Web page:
Two native freshwater species with declining populations have been released on pest-free Motutapu Island.
Redfin bullies, New Zealand’s most colourful native fish, and koura, or native crayfish, were released into Home Bay Stream on Motutapu on 26 November 2011. The release was led by DOC with support from the Motutapu Restoration Trust, Ngai Tai and the Mahurangi Technical Institute.
The release is part of DOC’s programme to move at risk native wildlife onto Motutapu and neighbouring Rangitoto Island after eradicating animal pests including rats, stoats and possums from the islands.
Koura, Motutapu Island
“It’s great to see two native fish whose numbers are falling, joining the two species of threatened birds we released on pest free Motutapu three months ago,” says DOC ranger Callum Bourke who led the release of the freshwater species.
The birds, takahë and tïeke, or saddleback, were released on Motutapu on 27 August 2011 when Conservation Minister Kate Wilkinson declared Motutapu and Rangitoto pest-free wildlife sanctuaries. Tïeke were released near the summit of Rangitoto on 28 August 2011. The tïeke have produced chicks on Motutapu and Rangitoto.
“Nationally koura and red fin bully populations are declining due to habitat loss, loss of water quality and other factors,” says Callum Bourke.
“Motutapu provides them with a safe refuge as their habitat there is being restored, the water quality is improving and there are no stock grazing the banks of their new home.”
“Volunteers from the Motutapu Restoration Trust have done a great job restoring the native bush providing essential shade and cover for the koura and redfin bullies.”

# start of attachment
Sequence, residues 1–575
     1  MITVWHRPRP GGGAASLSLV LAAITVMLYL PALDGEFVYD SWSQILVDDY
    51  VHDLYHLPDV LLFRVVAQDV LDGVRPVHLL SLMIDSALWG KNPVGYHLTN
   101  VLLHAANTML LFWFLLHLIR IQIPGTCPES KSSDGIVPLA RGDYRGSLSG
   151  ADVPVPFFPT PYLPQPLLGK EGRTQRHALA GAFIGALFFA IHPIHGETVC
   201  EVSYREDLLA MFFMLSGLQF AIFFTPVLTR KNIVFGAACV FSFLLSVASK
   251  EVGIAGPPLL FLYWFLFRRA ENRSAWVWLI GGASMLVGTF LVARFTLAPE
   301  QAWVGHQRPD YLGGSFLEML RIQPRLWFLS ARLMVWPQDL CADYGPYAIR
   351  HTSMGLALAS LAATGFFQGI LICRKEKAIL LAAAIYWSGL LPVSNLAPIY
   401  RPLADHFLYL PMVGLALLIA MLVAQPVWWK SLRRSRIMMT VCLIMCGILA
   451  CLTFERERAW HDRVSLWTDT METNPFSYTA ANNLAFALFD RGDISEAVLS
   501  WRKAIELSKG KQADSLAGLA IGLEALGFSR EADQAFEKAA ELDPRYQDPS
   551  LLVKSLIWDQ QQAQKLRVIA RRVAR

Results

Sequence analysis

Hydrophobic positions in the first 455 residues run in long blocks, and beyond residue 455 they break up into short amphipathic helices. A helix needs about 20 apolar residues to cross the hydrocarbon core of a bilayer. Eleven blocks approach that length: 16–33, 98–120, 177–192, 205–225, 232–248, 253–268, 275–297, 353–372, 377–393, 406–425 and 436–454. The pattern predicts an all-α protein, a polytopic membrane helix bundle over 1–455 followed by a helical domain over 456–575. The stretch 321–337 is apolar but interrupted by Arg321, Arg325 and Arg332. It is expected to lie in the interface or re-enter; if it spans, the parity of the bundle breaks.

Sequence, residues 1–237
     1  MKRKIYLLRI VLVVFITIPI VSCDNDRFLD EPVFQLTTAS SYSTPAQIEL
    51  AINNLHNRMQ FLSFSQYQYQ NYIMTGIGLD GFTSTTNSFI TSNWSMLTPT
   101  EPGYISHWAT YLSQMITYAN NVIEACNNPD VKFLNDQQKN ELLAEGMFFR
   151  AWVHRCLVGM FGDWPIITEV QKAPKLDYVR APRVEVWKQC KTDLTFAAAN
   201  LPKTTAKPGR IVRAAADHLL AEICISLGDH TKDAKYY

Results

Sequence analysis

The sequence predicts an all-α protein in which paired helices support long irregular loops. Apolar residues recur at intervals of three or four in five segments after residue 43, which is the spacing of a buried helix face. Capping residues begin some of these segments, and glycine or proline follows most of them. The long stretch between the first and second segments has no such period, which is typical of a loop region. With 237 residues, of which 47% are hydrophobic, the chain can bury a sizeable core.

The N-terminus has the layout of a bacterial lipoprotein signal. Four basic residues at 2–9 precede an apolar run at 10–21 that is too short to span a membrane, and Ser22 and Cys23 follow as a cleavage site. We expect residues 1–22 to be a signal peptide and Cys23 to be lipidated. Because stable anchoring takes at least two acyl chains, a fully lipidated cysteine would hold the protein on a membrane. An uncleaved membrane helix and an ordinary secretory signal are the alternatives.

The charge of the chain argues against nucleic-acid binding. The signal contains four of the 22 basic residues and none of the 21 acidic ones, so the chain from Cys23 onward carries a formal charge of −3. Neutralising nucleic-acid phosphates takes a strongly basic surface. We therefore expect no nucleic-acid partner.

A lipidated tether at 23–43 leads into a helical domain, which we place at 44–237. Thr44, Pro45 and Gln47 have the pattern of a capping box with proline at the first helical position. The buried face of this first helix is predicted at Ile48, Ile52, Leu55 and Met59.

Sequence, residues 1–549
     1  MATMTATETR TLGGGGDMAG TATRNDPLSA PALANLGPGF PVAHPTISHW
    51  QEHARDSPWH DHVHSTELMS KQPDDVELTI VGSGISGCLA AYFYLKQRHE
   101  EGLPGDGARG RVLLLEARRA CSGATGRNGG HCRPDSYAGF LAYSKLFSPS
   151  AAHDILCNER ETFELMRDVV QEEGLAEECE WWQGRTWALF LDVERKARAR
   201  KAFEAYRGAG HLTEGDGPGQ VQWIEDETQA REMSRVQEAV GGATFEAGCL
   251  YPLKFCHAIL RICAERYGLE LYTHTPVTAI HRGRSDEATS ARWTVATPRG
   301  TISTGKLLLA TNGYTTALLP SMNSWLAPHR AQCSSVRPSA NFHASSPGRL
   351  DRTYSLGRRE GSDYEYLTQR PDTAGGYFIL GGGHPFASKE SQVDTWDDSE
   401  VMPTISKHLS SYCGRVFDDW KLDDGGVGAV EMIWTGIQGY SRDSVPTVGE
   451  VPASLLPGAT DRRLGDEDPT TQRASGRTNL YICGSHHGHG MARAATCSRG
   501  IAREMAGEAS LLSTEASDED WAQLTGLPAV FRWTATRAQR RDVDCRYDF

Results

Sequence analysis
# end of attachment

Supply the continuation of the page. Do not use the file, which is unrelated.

Callum Bourke believes it’s the first time there’s been a translocation of redfin bullies in the wild. “So it will be exciting to see if they’ll establish a self-sustaining population on Motutapu”.
He says koura may have lived on Motutapu in the distant past. “Its possible koura were once on the island but disappeared following a catastrophic event such as the Rangitoto eruption 700 years ago.”
Some of the koura and redfin bullies released on Motutapu were rescued from a section of stream that was removed to make way for a large pipeline.
“DOC was alerted to their fate by Ngai Tai and managed to retrieve some redfin bullies and koura before they were killed or displaced by the pipeline work. It’s fantastic they now have a safe new home on Motutapu,” says Callum Bourke.
Redfin bully, Motutapu Island“A further release of koura and redfin bullies will be made in 12 months. It’s hoped both species will build self-sustaining populations on the island,” says Callum Bourke.
A total of 120 koura and 120 redfin bullies have been released on Motutapu. They have come from the Mahurangi Technical Institute in Warkworth which specialises in the capture and breeding of freshwater fish.
There are four other species of freshwater fish on Motutapu - long fin and short fin eels and two native whitebait species, inanga and banded kökopu.
Koura are native freshwater crayfish that live in streams, ponds, lakes and swamps. They are scavengers that eat leaves and small insects that float by or settle on the bottom of a stream. They also filter fine sediments improving conditions for other organisms.
Koura act as an indicator species, signalling to scientists when conditions have become unhealthy for a range of organisms in their habitat. If koura are living in a stream it’s a good sign that the stream is clean.
With their bright orange to crimson coloured fins, redfin bullies are New Zealand’s most colourful native fish.
They are also renown for their ability to climb up streams. In research experiments redfin bullies have swum up ramps with 15-degree slopes and climbed slopes of 30 and 45 degrees. They use a breast-stroke movement with their large pectoral fins to grip the surface they’re climbing.
There are seven species of bullies in New Zealand.